When you decide to start a family there are many factors to consider. One of those big factors is money and your career. For many women it means time away from their job and therefore a potential gap in their CV. Something which is unavoidable if you want to take some time out to start a family, and even more so if you have multiple children within a short timeframe.
Large gaps in a CV are even more common in this region as the statutory Maternity pay is only 45 days (with the exception of some companies and free zones) which means that unless you want to work up until the day you give birth and come back when the baby is only around 6 weeks old you are left with little other option than to take un-paid leave or quit altogether.
Firstly, deciding to take a break from your career to have a family isn’t the wrong decision but it is a difficult one to make and subsequently a tricky one to come back from, depending on how long you take off. Time away from your chosen career means that for some they feel they are ‘out of the game’, especially given how fast the world is moving these days!
With that in mind, what are the things career women can do to help close the gap while they manage the start of family life. Nicki Wilson from Recruitment Consultancy Genie gives us (and you!) her top tips:
If there are gaps in employment it will really show a commitment to return to the workplace if an individual is taking courses, keeping an eye on trends, and keeping up to speed with the latest developments in their industry.
Especially in this the Middle East market, it is a wonderful thing to take on internships to learn new skills and adjust back into working life. Whether it be a 2 week stint in a PR firm if you are in a different area of marketing or perhaps shadowing in a recruitment business for a month when you’re a HR professional, it would really stand out to an employer that you have taken the time to commit to learning.
Staying in touch with colleagues – old and new, they may be in the know of roles coming up or even have the influence internally to introduce you to a decision maker. You never know when a connection can led to so keep in touch as much as possible.
Be willing to take a step backward to move forward, especially if there is a large gap. I have seen so many candidates take a step backward and then completely shine in the role to then be exactly where they were before motherhood very quickly!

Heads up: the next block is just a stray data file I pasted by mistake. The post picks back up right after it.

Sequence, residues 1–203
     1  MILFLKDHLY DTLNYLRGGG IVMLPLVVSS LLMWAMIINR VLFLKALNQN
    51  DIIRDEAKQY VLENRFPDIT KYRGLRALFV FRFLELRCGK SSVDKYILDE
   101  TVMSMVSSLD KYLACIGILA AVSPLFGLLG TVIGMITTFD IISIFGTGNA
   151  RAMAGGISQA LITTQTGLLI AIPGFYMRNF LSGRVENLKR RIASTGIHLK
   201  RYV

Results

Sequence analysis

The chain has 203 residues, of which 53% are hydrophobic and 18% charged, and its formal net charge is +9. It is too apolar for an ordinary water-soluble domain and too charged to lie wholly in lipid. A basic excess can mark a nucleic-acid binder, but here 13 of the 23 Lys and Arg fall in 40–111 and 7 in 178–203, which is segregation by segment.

Honesty on your CV
A lot of mothers (and fathers) who have been out of work for a long stint will inflate their roles during the gaps, even if it was a side hustle job titles like ‘CEO’, ‘Vice President’, ‘Marketing Director’ can be either off putting or confusing for an employer. Look at the skillset gained and perhaps mould it to the CV or at least ensure it is clear this was a self employed role or freelance gig
Apply to both part time and full-time roles, just be clear about the expectations from the first call. Some full-time roles can be negotiated to 3 or 4-day weeks or even shorter days to accommodate a working mother.
Attending breakfast mornings / trade shows as you never know who you will bump into who might have opportunities, just get yourself out there!
Quality childcare arrangements and a back-up plan for interviews and returning to work. Interviews can literally be requested the same day in this region so its important to be able to be flexible to attend whenever and wherever
Ensuring you are focused on particular industries or job roles will be more successful then say… being open to anything! We see a lot of candidates looking to return to work who are wiling to do anything, but often these are the profiles who have been out of the work the longest.
Before applying to a role ensure you research the company and make the introductory email relevant, complement a project the company are undertaking or just show enthusiasm
Make sure to have a solid relationship with a recruiter, they often are able to influence and get you in with businesses way before a role is even advertised internally, staying in touch with someone influential in this area will be gold dust.
Find the ‘working’ you might take time, especially if you have been out of work and mostly stuck to a small human. Be kind to yourself. It is also important to mention that ‘Career’ and ‘Motherhood’ don’t need to be separated or conflict with each other. So many companies are advocates of flexible working which makes this balance much easier…but that’s a whole other conversation!